THE ENDURANCE OF THE MENDICANT ORDERS
In the late Middle Ages, however, the spiritual state and moral authority of the mendicant orders weakened. They became subject to worldliness as they fell away from absolute poverty, and medieval sources point to a general decline in their intellectual activity as well (although, of course, the disruption caused to them by extrinsic factors such as the Black Death (14th-15th centuries), the Avignon Papacy (1307 - 1377) and the Western Schism (1382 – 1417) exacerbated the internal problems of these mendicant orders).
Yes, the mendicant orders were weakened on the eve of the Protestant Reformation in the opening decades of the sixteenth century.
This event – in which the Augustinian friar, Martin Luther, was a major catalyst - caused the mendicant orders to lose many friars (and, in some nations, entire Provinces), yet these orders continued to exist – albeit with reduced numbers.
The mendicant orders never regained their earlier influence and ecclesiastical dominance, as new Post-Reformation religious orders arose, fresh with new initiatives. The mendicant orders continued to minister, but in a church where there were then a far greater number of religious orders. In this changed milieu the friars provided a considerably smaller percentage of the total number of priests available to the church.
Notwithstanding the numerical losses sustained by the mendicant orders during the Black Death (14th century), the Reformation (16th century), the increased number of new religious orders in the Counter-Reformation (16th-17th centuries), the philosophical Age of Enlightenment (eighteenth century), and the European nationalist and secularist movements (nineteenth century), the mendicants have nevertheless continued to make a considerable contribution to the life of the Catholic Church right to the present era.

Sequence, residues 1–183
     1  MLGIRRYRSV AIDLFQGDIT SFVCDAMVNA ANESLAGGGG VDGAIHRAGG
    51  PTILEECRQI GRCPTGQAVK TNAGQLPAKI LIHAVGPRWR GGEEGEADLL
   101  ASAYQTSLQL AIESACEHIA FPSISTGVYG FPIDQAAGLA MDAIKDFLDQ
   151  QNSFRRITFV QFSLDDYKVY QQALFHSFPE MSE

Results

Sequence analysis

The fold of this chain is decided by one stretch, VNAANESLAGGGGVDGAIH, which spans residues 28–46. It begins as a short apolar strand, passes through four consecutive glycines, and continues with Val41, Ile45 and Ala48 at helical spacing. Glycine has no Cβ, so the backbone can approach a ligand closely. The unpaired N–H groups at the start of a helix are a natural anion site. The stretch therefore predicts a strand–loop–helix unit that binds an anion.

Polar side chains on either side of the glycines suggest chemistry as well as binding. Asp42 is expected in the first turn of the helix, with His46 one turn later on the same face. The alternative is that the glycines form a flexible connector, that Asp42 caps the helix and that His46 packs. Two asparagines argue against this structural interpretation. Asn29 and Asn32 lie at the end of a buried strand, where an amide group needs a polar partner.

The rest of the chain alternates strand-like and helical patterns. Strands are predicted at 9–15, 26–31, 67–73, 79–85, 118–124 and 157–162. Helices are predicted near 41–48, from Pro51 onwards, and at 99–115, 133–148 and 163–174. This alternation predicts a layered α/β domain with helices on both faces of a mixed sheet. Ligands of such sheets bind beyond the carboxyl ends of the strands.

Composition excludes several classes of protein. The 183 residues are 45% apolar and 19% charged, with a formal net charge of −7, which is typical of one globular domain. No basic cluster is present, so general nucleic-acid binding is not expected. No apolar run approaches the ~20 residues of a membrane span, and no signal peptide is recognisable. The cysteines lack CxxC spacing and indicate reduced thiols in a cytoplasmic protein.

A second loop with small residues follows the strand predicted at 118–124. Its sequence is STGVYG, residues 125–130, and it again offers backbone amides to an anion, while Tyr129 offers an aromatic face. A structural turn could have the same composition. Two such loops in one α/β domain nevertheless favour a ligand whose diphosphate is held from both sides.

The mendicant movement was a new life-giving force in the church to combat the possible religious confusion and false doctrines spread by itinerant preachers.
The cities of Europe were growing quickly in the thirteenth century, and the religious care of these new urban dwellers was being neglected, and thus offered a fertile field for the sowers of religious unrest of doctrinal individualism.
Had it not been for the mendicant movement (buttressed by a process of amalgamation and the supervisory role of the popes), the Church of the thirteenth century might have suffered a debacle as great as it did in the sixteenth century. The work of the mendicants in the pulpit, in the confessional, in the service of the sick and the socially weak, in the foreign missions, had no parallel in the Middle Ages.
The appearance of these mendicant orders was without question one of the most momentous events of the Middle Ages. The mendicant orders helped to revive the religious energies and religious organization of the Western Church. They embodied Christian philanthropy with a novel aspect. They were the sociological reformers of their age. They supplied the universities and scholastic theology with some of their most brilliant scholars.
History of the Mendicant Friars. A brief summary, plus links to more specific aspects of the topic. http://www.historyworld.net/wrldhis/PlainTextHistories.asp?historyid=aa90
The Franciscan, Friars Minor, Gray Friars, OFM. An overview of the branchses of the Franciscan Order.
What We Owe the Monks. An essay on the pre-mendicant monastic movement.